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Constraints

, Volume 24, Issue 1, pp 25–55 | Cite as

Improved WPM encoding for coalition structure generation under MC-nets

  • Xiaojuan LiaoEmail author
  • Miyuki Koshimura
  • Kazuki Nomoto
  • Suguru Ueda
  • Yuko Sakurai
  • Makoto Yokoo
Article

Abstract

The Coalition Structure Generation (CSG) problem plays an important role in the domain of coalition games. Its goal is to create coalitions of agents so that the global welfare is maximized. To date, Weighted Partial MaxSAT (WPM) encoding has shown high efficiency in solving the CSG problem, which encodes a set of constraints into Boolean propositional logic and employs an off-the-shelf WPM solver to find out the optimal solution. However, in existing WPM encodings, a number of redundant encodings are asserted. This results in additional calculations and correspondingly incurs performance penalty. Against this background, this paper presents an Improved Rule Relation-based WPM (I-RWPM) encoding for the CSG problem, which is expressed by a set of weighted rules in a concise representation scheme called Marginal Contribution net (MC-net). In order to effectively reduce the constraints imposed on encodings, we first identify a subset of rules in an MC-net, referred as a set of freelance rules. We prove that solving the problem made up of all freelance rules can be achieved with a straightforward means without any extra encodings. Thus the set of rules requiring to be encoded is downsized. Next, we improve the encoding of transitive relations among rules. To be specific, compared with the existing rule relation-based encoding that generates transitive relations universally among all rules, I-RWPM only considers the transitivity among rules with particular relationship. In this way, the number of constraints to be encoded can be further decreased. Experiments suggest that I-RWPM significantly outperforms other WPM encodings for solving the same set of problem instances.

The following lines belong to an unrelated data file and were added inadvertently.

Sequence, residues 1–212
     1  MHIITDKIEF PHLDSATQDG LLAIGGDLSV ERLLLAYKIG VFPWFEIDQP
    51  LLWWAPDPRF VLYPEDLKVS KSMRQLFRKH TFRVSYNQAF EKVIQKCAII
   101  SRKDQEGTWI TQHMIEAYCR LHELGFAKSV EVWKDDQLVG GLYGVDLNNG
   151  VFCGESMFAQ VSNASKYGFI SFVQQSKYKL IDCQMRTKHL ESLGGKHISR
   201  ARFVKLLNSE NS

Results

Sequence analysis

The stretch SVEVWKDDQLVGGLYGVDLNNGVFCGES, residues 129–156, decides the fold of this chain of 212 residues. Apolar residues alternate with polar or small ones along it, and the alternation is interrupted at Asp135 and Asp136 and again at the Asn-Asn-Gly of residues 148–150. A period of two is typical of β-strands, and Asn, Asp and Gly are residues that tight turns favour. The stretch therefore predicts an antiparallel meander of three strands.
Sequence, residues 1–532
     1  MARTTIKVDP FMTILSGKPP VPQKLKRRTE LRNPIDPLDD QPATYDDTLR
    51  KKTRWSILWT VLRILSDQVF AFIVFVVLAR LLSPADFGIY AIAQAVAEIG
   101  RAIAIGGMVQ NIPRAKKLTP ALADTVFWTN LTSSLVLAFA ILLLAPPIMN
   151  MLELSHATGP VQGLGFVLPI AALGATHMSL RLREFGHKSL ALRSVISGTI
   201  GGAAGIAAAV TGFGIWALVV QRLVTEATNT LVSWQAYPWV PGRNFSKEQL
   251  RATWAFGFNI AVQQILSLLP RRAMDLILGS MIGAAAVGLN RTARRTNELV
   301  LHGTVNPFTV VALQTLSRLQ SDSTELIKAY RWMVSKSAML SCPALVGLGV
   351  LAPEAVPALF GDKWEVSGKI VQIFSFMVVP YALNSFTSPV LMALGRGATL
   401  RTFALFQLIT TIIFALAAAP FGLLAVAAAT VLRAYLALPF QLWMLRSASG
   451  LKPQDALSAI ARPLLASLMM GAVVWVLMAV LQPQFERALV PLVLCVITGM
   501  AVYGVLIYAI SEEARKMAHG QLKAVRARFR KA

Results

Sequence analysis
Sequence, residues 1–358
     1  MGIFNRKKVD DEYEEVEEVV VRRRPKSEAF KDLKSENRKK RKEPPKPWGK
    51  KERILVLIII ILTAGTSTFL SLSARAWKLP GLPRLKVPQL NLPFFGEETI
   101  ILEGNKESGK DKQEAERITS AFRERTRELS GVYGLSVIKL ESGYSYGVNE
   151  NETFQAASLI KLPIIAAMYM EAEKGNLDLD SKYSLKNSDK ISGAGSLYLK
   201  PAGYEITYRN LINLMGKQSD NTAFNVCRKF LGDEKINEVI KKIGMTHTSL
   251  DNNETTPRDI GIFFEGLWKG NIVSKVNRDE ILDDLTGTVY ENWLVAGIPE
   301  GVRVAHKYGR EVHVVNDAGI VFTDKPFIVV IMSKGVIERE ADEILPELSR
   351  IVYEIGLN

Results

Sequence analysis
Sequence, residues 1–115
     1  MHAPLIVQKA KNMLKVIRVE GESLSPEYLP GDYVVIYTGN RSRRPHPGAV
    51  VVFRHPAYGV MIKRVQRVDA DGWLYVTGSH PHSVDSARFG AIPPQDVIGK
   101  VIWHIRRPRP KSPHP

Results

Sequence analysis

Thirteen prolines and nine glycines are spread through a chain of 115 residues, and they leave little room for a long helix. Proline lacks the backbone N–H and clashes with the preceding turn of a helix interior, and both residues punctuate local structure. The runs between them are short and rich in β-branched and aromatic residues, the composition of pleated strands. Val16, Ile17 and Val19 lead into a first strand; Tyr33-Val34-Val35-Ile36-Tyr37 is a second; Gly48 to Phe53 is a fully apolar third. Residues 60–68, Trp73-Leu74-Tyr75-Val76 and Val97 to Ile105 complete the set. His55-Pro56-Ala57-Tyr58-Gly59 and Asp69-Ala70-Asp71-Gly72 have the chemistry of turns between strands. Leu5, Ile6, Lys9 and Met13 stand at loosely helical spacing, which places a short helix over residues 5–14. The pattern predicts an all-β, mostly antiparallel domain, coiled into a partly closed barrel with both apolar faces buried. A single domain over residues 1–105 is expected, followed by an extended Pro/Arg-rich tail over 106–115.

Keywords

Weighted partial MaxSAT Coalition structure generation Coalition games 

Notes

Acknowledgements

This work is partially supported by the National Natural Science Foundation of China (Grant Number 61806171), Ministry of Education in China Project of Humanities and Social Sciences (Grant Number 17YJCZH260), JSPS KAKENHI (Grant Numbers JP16K00304, JP17K00307, JP17H00761 and JP18H03299).

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Copyright information

© Springer Science+Business Media, LLC, part of Springer Nature 2018

Authors and Affiliations

  1. 1.Chengdu University of TechnologyChengduChina
  2. 2.Kyushu UniversityFukuokaJapan
  3. 3.Saga UniversitySagaJapan
  4. 4.National Institute of Advanced Industrial Science and TechnologyTokyoJapan

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